ABW: Oh, yes!
PAD: I know that you have mutual friends who were wahine surfers. Name a few.
HHB: Well, Pat Honl, Pat Barker, of course Pam Anderson. Once in a while Barbara Kahanamoku would come out and in the early 50’s; Gwen Davis, Eva Hunter, Doris Berg and Keanui Kekai would come out once in a while.
ABW: Jake Kalama. I don’t know where she practiced her surfing. She was good.
PAD: Isn’t that amazing. Later on all the “hot-doggers” came in with their high tech boards which are fantastic to this day. How many boards did you have that had skegs?
HHB: I did. My balsa-fiberglass board had a skeg. My hollow board didn’t.
PAD: Gee, I remember several hollow boards having skegs. I think Ron Sorrell had one. What about the latest surf rage? I mean like road rage? I know a number of guys that have had encounters and been beaten up, especially haoles.
ABW: Yes, it’s very rude.
HHB: The nice thing about the times we surfed everybody knew everybody else, at least by face and many by name. When malihini-types used to come into our area of the surf and we knew they didn’t know what they were doing, we’d tell them: “Oh, you people go into the baby surf and that’s where you surf in there.” We didn’t have half the problems they do now.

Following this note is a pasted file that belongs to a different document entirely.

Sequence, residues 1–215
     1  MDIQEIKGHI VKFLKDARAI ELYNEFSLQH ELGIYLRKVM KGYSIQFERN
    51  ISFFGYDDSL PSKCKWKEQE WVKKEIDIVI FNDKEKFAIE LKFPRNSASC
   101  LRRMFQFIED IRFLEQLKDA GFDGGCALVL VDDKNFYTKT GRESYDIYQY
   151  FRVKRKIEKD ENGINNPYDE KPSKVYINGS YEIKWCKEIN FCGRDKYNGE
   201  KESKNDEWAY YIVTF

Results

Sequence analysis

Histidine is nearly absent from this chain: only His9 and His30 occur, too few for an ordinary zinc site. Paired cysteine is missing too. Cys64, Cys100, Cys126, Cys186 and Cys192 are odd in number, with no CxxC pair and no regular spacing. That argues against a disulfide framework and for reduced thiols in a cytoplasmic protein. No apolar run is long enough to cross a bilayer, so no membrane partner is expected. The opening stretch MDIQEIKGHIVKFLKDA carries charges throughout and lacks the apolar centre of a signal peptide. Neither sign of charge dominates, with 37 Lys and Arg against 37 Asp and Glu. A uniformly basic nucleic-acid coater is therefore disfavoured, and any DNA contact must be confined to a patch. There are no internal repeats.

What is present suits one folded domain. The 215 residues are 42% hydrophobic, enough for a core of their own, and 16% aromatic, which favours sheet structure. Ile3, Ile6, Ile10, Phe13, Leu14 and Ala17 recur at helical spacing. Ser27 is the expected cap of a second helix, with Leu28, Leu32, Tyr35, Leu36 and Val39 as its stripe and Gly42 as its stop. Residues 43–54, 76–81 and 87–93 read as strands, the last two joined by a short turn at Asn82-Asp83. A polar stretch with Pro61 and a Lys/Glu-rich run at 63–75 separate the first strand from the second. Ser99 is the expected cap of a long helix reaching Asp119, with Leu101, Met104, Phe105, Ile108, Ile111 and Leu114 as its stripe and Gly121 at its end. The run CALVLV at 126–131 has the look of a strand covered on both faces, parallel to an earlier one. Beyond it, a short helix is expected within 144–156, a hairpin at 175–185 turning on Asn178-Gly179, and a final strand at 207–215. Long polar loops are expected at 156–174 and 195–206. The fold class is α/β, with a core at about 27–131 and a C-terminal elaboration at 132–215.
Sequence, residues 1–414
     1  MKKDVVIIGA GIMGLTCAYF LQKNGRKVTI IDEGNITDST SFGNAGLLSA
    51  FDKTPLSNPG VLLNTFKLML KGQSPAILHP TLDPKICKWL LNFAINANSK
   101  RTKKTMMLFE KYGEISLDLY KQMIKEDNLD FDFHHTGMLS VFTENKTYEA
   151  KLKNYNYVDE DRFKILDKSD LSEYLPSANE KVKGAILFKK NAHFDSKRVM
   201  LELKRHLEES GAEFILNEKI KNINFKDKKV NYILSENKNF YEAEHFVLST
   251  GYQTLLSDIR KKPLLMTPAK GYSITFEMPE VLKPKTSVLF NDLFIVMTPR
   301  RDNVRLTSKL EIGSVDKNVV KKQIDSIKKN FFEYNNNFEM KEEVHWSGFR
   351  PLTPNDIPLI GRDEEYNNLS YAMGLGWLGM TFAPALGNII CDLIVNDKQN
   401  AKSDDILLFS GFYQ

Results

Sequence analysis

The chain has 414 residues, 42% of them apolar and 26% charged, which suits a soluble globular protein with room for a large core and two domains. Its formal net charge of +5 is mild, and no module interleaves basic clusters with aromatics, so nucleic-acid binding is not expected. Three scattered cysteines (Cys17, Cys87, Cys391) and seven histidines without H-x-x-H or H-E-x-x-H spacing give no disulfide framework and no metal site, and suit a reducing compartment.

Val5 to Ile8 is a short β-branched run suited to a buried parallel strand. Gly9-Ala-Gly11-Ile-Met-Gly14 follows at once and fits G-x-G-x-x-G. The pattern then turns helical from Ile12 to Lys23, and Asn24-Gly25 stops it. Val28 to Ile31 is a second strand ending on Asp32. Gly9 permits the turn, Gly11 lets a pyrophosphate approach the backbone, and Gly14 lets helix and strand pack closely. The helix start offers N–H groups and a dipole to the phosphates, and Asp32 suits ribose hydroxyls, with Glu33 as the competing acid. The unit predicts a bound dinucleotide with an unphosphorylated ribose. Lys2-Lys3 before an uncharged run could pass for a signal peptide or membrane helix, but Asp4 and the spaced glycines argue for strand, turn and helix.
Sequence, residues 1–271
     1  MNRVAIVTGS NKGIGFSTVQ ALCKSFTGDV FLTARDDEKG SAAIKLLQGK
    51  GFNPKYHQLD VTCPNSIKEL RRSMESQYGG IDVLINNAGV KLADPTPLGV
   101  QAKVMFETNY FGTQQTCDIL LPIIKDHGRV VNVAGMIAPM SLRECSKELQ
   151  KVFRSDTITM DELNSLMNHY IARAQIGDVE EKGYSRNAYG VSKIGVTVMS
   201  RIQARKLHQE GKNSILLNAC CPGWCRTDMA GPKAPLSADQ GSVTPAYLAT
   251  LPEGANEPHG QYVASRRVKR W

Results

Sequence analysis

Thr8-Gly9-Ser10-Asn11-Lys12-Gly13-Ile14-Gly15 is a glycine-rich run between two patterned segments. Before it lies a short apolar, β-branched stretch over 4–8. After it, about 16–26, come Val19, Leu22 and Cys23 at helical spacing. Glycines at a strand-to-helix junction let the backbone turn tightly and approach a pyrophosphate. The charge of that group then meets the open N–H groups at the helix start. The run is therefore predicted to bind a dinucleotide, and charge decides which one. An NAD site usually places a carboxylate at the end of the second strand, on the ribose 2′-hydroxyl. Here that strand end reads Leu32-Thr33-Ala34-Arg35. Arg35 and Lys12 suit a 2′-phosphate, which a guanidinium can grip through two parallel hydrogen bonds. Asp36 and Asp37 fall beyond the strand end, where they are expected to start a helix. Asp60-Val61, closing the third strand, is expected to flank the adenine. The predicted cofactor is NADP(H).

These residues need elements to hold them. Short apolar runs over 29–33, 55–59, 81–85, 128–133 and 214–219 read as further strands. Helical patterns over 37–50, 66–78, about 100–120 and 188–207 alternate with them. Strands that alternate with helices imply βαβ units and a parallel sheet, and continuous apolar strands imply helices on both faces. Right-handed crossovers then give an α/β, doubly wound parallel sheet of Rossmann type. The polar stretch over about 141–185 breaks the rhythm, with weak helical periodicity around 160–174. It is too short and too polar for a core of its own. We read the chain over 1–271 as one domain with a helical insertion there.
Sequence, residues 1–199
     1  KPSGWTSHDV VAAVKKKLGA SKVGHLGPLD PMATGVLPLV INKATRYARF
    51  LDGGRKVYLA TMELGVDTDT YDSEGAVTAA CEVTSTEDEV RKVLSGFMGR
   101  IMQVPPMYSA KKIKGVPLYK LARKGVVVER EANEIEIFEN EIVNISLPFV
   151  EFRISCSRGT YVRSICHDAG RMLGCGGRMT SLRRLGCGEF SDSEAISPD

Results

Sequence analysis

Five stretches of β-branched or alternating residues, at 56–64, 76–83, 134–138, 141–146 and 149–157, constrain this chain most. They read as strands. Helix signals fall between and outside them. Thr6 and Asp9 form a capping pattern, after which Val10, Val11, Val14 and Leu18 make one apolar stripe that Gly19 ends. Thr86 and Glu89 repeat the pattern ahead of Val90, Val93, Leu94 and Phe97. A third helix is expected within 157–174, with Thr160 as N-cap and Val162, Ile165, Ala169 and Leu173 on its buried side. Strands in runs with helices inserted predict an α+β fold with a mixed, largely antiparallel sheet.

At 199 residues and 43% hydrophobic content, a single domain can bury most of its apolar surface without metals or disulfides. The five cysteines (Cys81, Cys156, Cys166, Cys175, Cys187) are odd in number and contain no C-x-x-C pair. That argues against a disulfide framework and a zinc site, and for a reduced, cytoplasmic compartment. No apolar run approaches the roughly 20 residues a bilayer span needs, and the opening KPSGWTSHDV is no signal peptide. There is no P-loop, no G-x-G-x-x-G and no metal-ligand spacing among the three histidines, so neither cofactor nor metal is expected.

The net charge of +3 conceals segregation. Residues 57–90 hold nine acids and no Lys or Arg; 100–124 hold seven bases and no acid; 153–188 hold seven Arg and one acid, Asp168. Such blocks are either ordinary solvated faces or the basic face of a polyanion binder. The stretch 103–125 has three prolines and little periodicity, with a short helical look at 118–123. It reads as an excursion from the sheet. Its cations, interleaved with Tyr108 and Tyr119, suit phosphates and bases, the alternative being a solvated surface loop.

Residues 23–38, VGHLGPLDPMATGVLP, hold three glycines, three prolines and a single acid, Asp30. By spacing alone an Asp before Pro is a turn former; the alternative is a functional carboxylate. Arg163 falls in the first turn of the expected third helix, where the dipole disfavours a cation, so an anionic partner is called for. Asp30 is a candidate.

ABW: I did get angry with a movie star that had a board parallel to the wave and was blocking passage. I got real mad.
PAD: Most of us knew the unwritten rules of the surf and our kupuna (older surfers) told us: “Eh, if you don’t know how to surf, get the hell inside.” Now, if you tell anybody that they give you the “bird” and plus: “Eh, you like beef (fight)?” That’s the sad part about it.
HHB: There were unwritten rules and you followed them.
PAD: The beach has changed so much since we moved here in 1964. What were the differences between the two Club facilities?
HHB: I ceased my membership at the time of the move because I moved to Kailua and took up golf at Mid-Pac. I can’t compare the two facilities. I often yearn for the good old days at the “old” Outrigger site. The surf was right there in front of you (Canoes and Queens) and one could spend the whole day out there having the time of one’s life. Surf in the morning . . . come in for lunch . . . and surf again until dark.